Looking for the latest disc from P-Nuckle, GasHead, Lisa Bell or Drag the River -- but don't feel like scouring the bins of your nearest independent retailer? How 'bout a DVD of Xiren's live set at Red Rocks? Billie Tolles's hard-to-find Chapulteset? A hardback copy of G. Brown's Colorado Rocks! or a reissue of Lannie Garrett's Doubleback? On milehighmusicstore.com, Hapi Skratch's latest online venture, hundreds of CD titles from Colorado-based artists are just a click and a credit-card number away. You'll find everything categorized by genre -- whether it's children's music, easy listening, spoken word, self-help, hard rock, metal, punk or pop. What could be easier?

With all the energy its name implies, Kaffeine Buzz is a scattershot, ADD-fueled cornucopia of music journalism. Covering local as well as national punk, indie and hip-hop, the site features interviews, club listings, weekly show picks and CD and concert reviews. Editor Kim Owens, who also pens an impressive portion of the text, employs a solid, personable writing style that displays a deep knowledge of popular culture without sounding overbearing. Kaffeine Buzz also touches on art, fashion, cinema, even snowboarding -- but it's the great music coverage that keeps it bookmarked.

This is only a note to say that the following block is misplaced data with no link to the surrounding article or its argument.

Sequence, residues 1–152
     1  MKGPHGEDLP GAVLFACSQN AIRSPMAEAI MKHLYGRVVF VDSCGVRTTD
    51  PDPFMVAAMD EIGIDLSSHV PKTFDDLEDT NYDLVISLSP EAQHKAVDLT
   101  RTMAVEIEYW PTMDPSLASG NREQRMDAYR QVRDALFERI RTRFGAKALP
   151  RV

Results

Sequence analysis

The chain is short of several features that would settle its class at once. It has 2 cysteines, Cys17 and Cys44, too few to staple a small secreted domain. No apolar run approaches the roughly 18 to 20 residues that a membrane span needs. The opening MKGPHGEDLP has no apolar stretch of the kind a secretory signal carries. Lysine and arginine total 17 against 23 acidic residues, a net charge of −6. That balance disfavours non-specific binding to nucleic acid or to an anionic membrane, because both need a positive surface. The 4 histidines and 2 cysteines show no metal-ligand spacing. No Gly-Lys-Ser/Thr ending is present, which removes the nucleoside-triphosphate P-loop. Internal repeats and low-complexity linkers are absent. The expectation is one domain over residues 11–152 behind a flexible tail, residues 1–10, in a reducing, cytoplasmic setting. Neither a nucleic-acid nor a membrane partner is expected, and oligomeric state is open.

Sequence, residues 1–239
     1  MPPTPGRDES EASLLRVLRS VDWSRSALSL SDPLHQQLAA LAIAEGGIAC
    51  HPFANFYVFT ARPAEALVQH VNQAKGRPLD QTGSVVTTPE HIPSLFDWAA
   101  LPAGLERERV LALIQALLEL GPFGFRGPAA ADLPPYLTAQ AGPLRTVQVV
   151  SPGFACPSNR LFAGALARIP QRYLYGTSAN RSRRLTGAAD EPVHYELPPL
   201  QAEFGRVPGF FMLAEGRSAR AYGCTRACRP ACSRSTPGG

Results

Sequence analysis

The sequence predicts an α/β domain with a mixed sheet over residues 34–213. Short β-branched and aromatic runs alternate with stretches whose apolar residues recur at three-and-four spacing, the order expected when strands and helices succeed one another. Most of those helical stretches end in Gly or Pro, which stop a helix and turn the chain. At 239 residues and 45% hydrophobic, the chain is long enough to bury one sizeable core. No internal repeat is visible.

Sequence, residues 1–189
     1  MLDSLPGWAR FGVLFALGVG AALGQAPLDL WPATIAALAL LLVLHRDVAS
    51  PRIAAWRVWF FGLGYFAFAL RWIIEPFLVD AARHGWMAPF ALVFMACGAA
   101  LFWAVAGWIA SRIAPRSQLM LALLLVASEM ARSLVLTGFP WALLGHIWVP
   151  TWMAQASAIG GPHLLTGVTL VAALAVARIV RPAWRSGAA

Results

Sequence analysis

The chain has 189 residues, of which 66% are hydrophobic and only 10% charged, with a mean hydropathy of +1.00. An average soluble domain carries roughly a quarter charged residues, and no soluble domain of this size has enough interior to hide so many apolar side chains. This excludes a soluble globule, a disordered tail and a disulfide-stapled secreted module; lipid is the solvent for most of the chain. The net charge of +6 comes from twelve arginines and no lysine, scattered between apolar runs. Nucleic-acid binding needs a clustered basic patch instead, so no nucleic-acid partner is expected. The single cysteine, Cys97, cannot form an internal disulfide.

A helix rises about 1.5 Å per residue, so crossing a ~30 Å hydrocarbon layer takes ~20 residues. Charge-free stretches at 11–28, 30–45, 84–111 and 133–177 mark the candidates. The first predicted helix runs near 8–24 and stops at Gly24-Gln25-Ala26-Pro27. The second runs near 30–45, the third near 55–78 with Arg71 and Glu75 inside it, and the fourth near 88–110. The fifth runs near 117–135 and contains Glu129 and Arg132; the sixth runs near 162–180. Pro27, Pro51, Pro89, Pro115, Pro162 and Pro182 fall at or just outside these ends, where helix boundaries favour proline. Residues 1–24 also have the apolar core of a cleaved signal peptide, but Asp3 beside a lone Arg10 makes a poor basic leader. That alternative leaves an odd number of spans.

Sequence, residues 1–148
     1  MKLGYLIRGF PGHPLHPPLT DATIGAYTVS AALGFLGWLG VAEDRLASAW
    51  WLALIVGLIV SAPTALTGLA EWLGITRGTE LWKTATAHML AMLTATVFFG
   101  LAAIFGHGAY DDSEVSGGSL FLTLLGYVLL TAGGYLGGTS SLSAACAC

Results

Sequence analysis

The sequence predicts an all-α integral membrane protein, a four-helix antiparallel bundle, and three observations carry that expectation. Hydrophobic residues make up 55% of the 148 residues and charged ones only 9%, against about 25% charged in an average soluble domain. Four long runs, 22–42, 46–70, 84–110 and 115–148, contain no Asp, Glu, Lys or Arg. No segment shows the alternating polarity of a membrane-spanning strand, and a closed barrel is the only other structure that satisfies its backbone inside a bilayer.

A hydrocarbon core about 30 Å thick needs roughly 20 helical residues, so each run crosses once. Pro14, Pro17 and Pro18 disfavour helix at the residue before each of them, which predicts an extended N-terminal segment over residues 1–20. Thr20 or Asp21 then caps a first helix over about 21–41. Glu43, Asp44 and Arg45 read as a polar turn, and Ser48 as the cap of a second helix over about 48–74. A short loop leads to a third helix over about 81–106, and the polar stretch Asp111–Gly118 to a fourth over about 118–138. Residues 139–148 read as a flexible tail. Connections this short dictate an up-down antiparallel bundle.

A professor at Colorado College, Scott does more than just teach about music. He also makes it in a very singular way. Rather than play the piano using the instrument's keys, he and his assistants physically pluck and manipulate its strings with the assistance of everything from guitar picks and percussion mallets to nylon fishing line and horsehair. This approach sounds absurd, but recordings of Scott's so-called bowed-piano works, including Paisajes Audibles/Sounding Landscapes, recently issued on CD by Albany Records, are consistently fascinating. Listen and learn.